It's a 2D platformer, so it's definitely deliberate. I think Guide Dang It is for the "main" path through a game, where there really is no way to proceed unless you work your way through the Moon Logic. In this case there is the regular, obvious path for Duke to take, destroying enemies, finding keycards, etc. But for experienced players (or those curious as to what's at the other end), there is a shortcut available, even if it piles on damage to those brave enough to take it. Due to the alternating stalagtites and stalagmites and the low ceiling, Duke will take damage going through it, it's just a question of how much based on his speed. See it in action here.

      Guide Dang It isn't specific to the main path at all.

      "Guide Dang It is any part of a video game in which the correct action or set of actions is so difficult to figure out from the game's own clues that, effectively, the only way to know what to do (aside from spending countless hours of trying every remote possibility until something happens) is via a Strategy Guide or an online Walkthrough. "

      I'd say finding the shortcut is a Guide Dang It. It also sounds like Trial-and-Error Gameplay and may be a Violation of Common Sense

      The route itself could also be a form of Dungeon Bypass, in that you are brute forcing your way past an obstacle to save time.
  • 2 Feb 23rd, 2017 at 1:01AM
    Lastest Reply: 25th Feb, 2017 12:35:55 PM
    of Serendipity Writes the Plot?
    • Mega Man X: Starting from the fifth game, there are 2 sets of Dr Light's powered armors that you can find and assemble, rather than just one in previous games. But Dr. Light (at least his hologram) states that, unlike in previous games where X can use the part of the armor right away after obtaining it, he only gives X the "armor program" that will only work once all parts of the same armor are obtained, due to security reasons. The real reasoning for that, however, is exactly because there are 2 sets of armor rather than just one; having the armor part instantly meld into X's body (like it was in prev. games) would clash with the interchangeable armors concept (i.e gameplay reasons).
  • 2 Feb 21st, 2017 at 9:09AM
    Lastest Reply: 21st Feb, 2017 05:01:12 PM
    A mostly JRPG trope where travel on the overworld map is limited by various natural barriers, which are overcome one at a time by obtaining items/abilities that circumvent them, usually including a ship and culminating in the Global Airship.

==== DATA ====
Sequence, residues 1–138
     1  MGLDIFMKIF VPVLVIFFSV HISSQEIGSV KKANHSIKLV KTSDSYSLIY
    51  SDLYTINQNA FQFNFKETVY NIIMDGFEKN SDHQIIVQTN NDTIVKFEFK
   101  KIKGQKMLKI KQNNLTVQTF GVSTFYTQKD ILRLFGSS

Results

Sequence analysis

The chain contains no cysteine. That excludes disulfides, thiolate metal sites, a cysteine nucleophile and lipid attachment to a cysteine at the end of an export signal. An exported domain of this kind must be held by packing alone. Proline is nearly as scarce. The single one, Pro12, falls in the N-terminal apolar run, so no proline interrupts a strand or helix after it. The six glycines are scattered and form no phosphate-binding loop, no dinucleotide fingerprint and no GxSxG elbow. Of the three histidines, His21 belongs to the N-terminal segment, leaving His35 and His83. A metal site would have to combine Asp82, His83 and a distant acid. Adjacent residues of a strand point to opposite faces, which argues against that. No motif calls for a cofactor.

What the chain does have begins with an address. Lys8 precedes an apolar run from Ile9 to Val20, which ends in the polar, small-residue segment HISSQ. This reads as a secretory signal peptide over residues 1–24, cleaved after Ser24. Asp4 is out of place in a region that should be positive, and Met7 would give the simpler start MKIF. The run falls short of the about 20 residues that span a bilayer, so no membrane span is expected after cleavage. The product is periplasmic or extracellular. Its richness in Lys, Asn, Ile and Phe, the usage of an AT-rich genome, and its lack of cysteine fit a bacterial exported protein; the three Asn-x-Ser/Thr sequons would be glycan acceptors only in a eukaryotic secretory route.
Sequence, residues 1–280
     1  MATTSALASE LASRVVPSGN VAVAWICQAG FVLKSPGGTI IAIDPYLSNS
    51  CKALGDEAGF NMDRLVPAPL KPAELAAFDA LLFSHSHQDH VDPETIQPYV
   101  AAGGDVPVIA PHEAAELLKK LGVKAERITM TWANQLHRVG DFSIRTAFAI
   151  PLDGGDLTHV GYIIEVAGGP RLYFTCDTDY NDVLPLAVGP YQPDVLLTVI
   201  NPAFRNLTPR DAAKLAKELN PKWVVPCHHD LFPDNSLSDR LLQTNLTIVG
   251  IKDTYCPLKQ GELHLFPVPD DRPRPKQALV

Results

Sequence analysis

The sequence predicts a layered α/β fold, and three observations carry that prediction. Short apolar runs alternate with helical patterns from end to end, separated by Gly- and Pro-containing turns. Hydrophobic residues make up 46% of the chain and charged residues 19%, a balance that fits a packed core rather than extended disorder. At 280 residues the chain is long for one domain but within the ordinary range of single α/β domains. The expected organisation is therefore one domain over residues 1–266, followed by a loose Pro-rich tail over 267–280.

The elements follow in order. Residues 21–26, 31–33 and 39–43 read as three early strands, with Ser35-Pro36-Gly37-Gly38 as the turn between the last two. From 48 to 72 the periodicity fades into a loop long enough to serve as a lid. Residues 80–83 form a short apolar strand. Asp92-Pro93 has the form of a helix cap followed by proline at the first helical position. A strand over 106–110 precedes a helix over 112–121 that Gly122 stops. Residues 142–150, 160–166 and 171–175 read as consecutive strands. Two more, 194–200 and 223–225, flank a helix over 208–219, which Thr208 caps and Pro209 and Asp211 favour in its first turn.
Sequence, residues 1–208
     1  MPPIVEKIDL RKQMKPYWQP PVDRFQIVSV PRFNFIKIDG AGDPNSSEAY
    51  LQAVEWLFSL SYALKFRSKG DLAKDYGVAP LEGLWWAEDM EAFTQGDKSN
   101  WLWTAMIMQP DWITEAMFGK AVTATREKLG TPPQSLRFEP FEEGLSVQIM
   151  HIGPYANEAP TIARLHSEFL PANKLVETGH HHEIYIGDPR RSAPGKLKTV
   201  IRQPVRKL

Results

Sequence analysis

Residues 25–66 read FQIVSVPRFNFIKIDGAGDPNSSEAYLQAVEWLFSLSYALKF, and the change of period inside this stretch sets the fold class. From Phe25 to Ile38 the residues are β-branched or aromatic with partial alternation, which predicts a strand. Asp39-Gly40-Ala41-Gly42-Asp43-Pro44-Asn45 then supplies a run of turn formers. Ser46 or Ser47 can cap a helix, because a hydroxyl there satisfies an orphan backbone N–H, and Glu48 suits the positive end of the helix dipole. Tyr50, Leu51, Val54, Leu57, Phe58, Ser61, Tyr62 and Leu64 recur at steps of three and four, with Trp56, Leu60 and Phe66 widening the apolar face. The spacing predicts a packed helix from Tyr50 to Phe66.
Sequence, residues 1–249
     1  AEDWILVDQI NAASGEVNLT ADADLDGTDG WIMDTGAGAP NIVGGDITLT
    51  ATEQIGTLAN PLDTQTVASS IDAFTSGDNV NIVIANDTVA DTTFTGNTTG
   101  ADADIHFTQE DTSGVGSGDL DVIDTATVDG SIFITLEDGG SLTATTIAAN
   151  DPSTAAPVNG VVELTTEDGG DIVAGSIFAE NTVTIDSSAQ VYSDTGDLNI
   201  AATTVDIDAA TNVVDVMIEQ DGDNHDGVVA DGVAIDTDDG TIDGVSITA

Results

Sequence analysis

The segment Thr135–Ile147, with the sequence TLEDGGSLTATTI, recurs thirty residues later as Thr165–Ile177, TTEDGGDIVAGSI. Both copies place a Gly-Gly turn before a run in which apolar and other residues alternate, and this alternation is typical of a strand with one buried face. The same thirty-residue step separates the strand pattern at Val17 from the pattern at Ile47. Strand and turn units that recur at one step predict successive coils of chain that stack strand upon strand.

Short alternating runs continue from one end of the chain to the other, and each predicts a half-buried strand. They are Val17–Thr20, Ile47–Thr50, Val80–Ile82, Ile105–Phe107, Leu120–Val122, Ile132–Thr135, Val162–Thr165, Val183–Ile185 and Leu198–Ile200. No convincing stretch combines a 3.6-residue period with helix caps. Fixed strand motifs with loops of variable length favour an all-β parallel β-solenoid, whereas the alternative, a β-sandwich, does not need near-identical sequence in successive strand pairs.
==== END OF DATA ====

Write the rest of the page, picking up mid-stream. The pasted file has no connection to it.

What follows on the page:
For example,
    • Dragon Quest V gives you a ship to cross the water. Then you get a magic carpet, which can cross water and land (but not mountains), with the final ride letting you fly over any terrain (though it can only land on plains). The overworld is carefully designed to prevent Sequence Breaking (for example, rings of land that prevent the ship from going any further, but that the carpet can go over).
    • Golden Sun's ship is eventually upgraded to low-altitude flight, opening access to some secret areas that must be navigated like a maze (the ship can't pass forests, waterfalls or mountains).
    • Epic Battle Fantasy 4 has several secret areas blocked off by certain terrain types until the player gets the item to walk on lava/lilypads/clouds.

      This might be related to Power Up Mount? In the sense that whatever creature you're riding around on grants you the ability to traverse a previously impassable obstacle [I'm thinking of examples like Ride Pokemon in Pokιmon Sun and Moon, that can destroy boulders in a path and allow you to cross bodies of water].

      Ability Required to Proceed
  • 1 Feb 17th, 2017 at 8:08AM
    Lastest Reply: 17th Feb, 2017 09:34:28 AM
    Instead of having an Insurmountable Waist-Height Fence the game doesn't actually stop you from going to a location - it's just that the enemies there are so difficult you'll have trouble surviving until you progress past a certain point. Reply